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Re: Encrypted Media proposal (was RE: ISSUE-179: av_param - Chairs Solicit Alternate Proposals or Counter-Proposals)

From: Mark Watson <watsonm@netflix.com>
Date: Mon, 27 Feb 2012 22:35:28 +0000
To: Boris Zbarsky <bzbarsky@MIT.EDU>
CC: "<public-html@w3.org>" <public-html@w3.org>
Message-ID: <B2651A92-9691-4DAB-93D8-437453878F56@netflix.com>

On Feb 27, 2012, at 2:09 PM, Boris Zbarsky wrote:

> On 2/27/12 4:55 PM, Mark Watson wrote:
>> Someone launching a new browser today would need to ensure that plugins like Flash and Silverlight were supported in order to support many existing commercial video services, including Netflix. That decision is not even in their hands, since Adobe and Microsoft respectively would need to take a decision to support the new browser.
> I can't speak to Silverlight, but a browser that correctly implements NPAPI (which is openly documented and has no legal barriers to implementing it, last I checked) should automatically end up with Flash support last I checked, on platforms where the NPAPI version of Flash is available.

Maybe technically, in principle, yes. But the Adobe web site lists specific versions of desktop browsers for specific platforms that are "supported" and specific devices that are "certified". And it isn't supported unless it's tested. Even if the full Flash test suite was available from Adobe then a new browser maker would still need to work with Adobe to fix any bugs and get onto their "supported" or "certified" list.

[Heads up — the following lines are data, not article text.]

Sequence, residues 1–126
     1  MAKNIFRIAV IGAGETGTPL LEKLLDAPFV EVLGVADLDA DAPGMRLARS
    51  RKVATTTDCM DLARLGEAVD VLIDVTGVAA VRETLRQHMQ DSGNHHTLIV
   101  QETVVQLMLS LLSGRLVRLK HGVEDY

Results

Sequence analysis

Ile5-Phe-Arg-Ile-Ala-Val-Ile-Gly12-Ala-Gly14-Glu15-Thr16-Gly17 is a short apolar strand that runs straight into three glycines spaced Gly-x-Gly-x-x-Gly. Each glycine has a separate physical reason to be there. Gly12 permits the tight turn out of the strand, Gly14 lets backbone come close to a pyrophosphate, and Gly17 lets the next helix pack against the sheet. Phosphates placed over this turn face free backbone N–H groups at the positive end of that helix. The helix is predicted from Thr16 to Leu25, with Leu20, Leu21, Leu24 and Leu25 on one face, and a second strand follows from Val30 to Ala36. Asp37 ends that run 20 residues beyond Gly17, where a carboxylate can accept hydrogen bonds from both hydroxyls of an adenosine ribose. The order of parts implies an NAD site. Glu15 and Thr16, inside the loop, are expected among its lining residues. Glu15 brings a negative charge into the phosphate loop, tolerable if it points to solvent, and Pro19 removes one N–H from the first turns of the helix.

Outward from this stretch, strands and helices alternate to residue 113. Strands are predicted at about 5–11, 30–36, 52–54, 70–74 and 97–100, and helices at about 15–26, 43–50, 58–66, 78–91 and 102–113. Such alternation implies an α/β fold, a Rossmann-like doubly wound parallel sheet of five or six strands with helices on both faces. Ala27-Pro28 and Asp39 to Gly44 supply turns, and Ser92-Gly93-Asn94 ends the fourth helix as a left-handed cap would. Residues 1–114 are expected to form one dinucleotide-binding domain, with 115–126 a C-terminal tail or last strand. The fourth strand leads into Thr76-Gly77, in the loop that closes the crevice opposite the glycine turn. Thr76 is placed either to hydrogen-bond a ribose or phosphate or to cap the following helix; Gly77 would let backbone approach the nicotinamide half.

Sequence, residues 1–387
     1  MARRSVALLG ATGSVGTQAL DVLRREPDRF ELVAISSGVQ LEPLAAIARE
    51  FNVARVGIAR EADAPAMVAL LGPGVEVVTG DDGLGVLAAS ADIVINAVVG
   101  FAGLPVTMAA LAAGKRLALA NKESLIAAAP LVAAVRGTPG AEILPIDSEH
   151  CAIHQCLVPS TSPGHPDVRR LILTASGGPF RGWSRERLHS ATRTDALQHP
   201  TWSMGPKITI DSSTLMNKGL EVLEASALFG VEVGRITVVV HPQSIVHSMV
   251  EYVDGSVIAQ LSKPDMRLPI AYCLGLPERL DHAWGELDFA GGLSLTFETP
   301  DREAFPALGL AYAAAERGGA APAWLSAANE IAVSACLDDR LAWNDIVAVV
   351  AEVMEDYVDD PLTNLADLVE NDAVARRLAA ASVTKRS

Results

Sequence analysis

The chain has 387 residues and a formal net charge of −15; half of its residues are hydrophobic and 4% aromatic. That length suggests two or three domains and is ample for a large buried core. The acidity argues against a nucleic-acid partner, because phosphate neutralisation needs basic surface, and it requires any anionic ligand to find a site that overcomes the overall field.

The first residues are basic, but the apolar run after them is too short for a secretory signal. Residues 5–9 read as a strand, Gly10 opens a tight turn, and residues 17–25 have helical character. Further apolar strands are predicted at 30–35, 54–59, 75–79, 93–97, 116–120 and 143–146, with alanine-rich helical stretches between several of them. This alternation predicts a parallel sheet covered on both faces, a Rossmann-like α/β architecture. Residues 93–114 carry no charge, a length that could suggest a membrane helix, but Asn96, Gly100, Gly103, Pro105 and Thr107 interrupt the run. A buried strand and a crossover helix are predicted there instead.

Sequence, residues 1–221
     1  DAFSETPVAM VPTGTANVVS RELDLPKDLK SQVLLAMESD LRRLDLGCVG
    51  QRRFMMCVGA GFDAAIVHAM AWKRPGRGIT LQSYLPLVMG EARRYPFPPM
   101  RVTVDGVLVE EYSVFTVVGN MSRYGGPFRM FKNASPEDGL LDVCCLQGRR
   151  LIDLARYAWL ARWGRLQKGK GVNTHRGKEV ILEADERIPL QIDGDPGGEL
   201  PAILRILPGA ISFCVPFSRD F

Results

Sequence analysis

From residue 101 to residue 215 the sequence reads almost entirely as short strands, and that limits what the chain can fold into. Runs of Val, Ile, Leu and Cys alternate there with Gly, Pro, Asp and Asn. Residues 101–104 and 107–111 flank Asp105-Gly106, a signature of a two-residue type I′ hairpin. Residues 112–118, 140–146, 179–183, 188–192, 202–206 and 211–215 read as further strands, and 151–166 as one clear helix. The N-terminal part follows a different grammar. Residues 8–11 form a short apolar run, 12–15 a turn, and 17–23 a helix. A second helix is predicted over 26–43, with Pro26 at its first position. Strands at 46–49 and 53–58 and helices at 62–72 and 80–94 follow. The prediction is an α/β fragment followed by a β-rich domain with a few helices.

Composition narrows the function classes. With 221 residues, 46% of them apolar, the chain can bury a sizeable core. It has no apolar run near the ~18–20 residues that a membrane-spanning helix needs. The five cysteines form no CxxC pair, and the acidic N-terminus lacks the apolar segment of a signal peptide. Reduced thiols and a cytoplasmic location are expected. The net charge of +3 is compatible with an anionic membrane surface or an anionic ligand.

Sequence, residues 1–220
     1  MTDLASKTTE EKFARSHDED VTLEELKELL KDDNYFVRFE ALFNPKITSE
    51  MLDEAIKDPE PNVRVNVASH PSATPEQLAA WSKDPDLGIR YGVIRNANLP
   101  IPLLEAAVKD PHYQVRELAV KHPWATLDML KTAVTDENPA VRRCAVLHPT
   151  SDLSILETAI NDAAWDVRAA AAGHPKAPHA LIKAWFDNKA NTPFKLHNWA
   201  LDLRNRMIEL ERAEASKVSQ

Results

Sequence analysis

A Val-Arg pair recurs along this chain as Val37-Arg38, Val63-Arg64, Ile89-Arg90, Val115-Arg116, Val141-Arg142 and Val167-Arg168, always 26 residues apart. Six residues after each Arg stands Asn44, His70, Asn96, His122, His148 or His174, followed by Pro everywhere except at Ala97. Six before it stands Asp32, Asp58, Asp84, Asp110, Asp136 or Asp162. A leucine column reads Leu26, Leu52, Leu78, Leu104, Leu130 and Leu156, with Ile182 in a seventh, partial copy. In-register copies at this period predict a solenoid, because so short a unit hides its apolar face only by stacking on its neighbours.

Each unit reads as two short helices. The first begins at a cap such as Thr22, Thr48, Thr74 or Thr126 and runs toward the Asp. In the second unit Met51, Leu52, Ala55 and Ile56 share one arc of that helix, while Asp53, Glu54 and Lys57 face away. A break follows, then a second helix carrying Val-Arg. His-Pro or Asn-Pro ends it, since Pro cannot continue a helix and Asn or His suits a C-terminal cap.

My (albeit limited) experience with NPAPI suggests that just implementing from the specification probably isn't enough to have something as complex as Flash "just work".

>> With our proposal, the new browser would need instead to support one or more Content Decryption Modules.
> Right; the question is what that would actually entail.
>> This is a much simpler task over which the new browser developer has greater control and more options.
> That's not obvious a priori.  I'd love to understand why this is the case.

It's simpler because the functionality in a CDM is a very small subset of the functionality in a plugin like Flash or Silverlight. The engineering costs to create and maintain a CDM is much less than the engineering effort to create and maintain a full-featured plugin like Flash or Silverlight. The licensing issues are no worse, since the functionality is a subset. Companies interested in commercial video services might be motivated to create and distribute CDMs when they would not be interested in creating and distributing full-fledged plugins.

These are obviously fairly general statements - the proposal doesn't prescribe a model for where CDMs will come from and we appreciate opinions and ideas on that topic.


> -Boris
Received on Monday, 27 February 2012 22:35:57 UTC

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